Genetics and genomics, nanotechnologies, container technologies and even global financial transactions would create massive and probably unmanageable streams of paper records were it not for ICT. Moreover, ICT allow the separation of data collection from data analysis, both physically and conceptually in this way.
Firstly, the data collected need not be analysed at the collection site; this can be done centrally in a manner that allows for market calculations, cost–benefit comparisons, and a more rapid turnover of product. Hence, Burger King can collect data about sales at all its stores and analyse them at headquarters, determining how many workers, burgers and stores should be available at what hours so as to maximise sales (Reiter 1991). Wal-Mart can manage its vast inventory centrally and even automatically place orders with its huge range of suppliers as inventories decline. A fruit grower or vineyard manager can sit in an air-conditioned office far from the field and determine when the temperature is too low or insect populations are too high, following that by corrective action. A financier can sit in an office far removed from places where bulk commodities are grown, mined, refined or processed and establish automated algorithms to buy and sell financial instruments. And data can be collected from hundreds of molecular biology laboratories into massive databases analysed by computational biologists (see Waterman 2000). Astonishingly enough, computational biologists can sit behind computer screens running complex programs to locate various homologies and never come into contact with any biological entity.
Secondly, the very process of data analysis has changed in two quite distinct ways. On the one hand, the scale, speed and cost of doing analyses has shifted. A certain Richard J. Foote (1958) of the Agricultural Marketing Service of the United States Department of Agriculture issued a bulletin in 1958 that explained how to perform a multiple regression analysis. The technique required a roomful of statistical clerks with electrical desk calculators. Clearly, under these circumstances only the very largest government offices or companies could afford to engage in this type of analysis. Moreover, it was laboriously slow, requiring checking at each stage of the analysis, especially with respect to the calculation of the determinant of the matrix and the correct placement of the decimal point. Today, of course, the same analysis can be performed instantaneously on a desktop computer, and probably with greater accuracy.
On the other hand, the nature of the analyses performed has changed. Half a century ago statisticians were mainly concerned with identifying measures of central tendency. This was associated with hypothesis testing on small samples. With the exception of a handful of highly technical and mathematical fields such as particle physics,14 and the work of actuaries employed by the insurance industry (Porter 1995), where profitability was directly tied to the robustness of particular individuals (people or things) in the pool, the high cost simply ruled out any other sort of analysis. In contrast, today data mining is the rule. This means tracking each data point, examining and acting on trends for as long as they hold, and engaging in ever more sophisticated error analysis (Taylor 1997).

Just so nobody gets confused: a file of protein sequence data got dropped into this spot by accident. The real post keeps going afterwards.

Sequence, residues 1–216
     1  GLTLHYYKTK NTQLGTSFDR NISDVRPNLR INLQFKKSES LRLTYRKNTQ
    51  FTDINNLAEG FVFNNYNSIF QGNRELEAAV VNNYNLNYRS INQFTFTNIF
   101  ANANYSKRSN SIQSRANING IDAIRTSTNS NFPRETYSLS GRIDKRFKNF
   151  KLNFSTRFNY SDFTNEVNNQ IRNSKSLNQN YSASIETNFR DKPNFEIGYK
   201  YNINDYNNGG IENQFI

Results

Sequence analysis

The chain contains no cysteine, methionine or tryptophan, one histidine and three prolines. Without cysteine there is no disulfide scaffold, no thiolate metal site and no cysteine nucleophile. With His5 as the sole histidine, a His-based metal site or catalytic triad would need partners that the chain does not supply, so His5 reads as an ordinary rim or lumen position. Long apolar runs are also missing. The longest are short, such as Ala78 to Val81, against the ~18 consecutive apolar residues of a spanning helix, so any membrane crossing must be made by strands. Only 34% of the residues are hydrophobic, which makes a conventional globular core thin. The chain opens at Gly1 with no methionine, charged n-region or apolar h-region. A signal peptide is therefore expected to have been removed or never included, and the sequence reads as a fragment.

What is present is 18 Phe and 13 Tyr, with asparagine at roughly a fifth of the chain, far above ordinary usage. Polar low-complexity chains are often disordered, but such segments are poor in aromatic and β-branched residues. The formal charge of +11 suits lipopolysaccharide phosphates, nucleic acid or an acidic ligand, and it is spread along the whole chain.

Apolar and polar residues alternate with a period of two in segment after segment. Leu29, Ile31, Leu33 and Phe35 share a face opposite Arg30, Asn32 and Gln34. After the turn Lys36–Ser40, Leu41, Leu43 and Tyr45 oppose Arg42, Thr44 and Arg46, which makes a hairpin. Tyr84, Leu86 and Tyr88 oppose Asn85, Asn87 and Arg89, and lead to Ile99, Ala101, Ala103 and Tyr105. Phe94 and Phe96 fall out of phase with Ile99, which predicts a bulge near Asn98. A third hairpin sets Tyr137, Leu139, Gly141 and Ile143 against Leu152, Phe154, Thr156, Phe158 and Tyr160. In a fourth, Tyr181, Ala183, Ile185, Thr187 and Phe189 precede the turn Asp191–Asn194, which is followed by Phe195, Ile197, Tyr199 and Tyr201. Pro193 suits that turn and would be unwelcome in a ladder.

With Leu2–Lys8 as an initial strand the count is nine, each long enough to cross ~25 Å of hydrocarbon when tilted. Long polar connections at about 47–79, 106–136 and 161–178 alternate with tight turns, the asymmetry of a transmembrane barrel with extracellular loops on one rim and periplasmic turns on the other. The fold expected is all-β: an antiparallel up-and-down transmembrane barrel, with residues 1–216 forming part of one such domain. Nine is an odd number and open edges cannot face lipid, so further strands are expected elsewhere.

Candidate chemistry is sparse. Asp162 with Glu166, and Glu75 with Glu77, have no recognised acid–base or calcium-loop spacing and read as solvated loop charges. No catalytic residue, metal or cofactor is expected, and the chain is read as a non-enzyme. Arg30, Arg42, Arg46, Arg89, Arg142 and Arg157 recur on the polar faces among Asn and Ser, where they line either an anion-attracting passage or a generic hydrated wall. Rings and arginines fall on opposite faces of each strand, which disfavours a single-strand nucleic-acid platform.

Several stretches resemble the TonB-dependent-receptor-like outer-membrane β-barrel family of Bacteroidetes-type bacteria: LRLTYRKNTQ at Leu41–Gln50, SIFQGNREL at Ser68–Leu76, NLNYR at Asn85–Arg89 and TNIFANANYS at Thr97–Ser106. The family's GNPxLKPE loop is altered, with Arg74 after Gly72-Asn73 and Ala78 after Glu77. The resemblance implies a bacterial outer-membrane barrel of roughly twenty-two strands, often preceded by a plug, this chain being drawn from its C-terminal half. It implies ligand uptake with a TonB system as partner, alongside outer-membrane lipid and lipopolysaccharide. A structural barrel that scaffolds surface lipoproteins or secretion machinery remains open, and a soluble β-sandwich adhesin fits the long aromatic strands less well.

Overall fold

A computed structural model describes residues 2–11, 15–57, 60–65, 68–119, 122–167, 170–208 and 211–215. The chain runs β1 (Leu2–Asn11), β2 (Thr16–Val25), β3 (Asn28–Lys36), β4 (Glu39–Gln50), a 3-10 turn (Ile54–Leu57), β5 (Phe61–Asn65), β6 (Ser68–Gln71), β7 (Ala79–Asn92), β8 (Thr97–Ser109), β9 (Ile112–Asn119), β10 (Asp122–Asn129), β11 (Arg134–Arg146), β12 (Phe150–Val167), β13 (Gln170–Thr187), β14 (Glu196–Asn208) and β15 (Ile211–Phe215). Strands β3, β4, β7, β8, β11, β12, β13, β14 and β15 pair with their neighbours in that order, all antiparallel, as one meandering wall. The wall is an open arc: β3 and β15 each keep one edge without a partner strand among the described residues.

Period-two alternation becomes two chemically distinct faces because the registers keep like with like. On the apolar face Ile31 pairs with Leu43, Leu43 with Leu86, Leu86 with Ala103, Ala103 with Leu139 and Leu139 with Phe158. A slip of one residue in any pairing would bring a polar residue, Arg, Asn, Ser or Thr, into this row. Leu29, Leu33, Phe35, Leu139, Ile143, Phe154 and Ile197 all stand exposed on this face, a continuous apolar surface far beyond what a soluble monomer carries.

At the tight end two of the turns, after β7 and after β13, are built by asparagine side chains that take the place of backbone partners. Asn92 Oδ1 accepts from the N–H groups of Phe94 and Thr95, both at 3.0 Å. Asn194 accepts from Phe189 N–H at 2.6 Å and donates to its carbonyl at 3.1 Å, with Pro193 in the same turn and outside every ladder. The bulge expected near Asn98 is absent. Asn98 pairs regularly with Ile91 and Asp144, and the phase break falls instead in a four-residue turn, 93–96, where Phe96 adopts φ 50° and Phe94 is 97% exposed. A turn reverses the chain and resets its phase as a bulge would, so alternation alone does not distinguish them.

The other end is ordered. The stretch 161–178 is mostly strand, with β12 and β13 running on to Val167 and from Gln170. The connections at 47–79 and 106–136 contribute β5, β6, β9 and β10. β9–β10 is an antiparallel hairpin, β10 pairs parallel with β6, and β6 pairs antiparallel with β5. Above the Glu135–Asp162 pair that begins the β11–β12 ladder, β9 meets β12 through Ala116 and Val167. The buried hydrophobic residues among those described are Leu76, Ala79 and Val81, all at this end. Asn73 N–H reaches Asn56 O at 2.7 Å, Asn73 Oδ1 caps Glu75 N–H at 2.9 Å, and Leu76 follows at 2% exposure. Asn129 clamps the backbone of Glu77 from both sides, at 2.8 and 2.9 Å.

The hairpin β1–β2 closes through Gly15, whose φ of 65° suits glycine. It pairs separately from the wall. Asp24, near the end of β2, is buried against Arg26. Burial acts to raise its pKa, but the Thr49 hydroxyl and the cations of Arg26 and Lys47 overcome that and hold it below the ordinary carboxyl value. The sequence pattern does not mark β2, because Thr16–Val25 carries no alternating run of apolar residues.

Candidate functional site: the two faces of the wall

A word of warning is necessary here, lest my argument be misinterpreted. What I am arguing is not that neoliberals or neoliberalism somehow caused these techno-scientific changes. Instead, changes in genetics and genomics, nanotechnologies, transportation and ICT have been fostered through public and private funding. However, to a considerable extent they have been shaped by, and have, in turn, shaped and supported the enactment of the neoliberal project.
Even the very practice of doing science has changed. Intellectual property has permeated much of biology, chemistry and physics. In the food and agricultural sciences ‘materials transfer agreements’ are now commonplace. Much sophisticated instrumentation is leased in which the lessor makes a claim on research results. Intellectual property lawyers comb through research findings at public research institutions looking for patentable products and processes.
Secondly, the private sector has taken the lead in setting much of the research agenda. In the UK most of the public agricultural research system was dismantled, leaving the nation vulnerable to new pests and diseases. In the USA, the European Union and much of the rest of the world, much of the research performed at agricultural experiment stations is now useful to farmers only if it passes through the hands of chemical and seed companies (Wolf and Zilberman 2001). Furthermore, the Consultative Group for International Agricultural Research plays a minor role in world agriculture and has a budget that is dwarfed by that of the chemical and seed companies.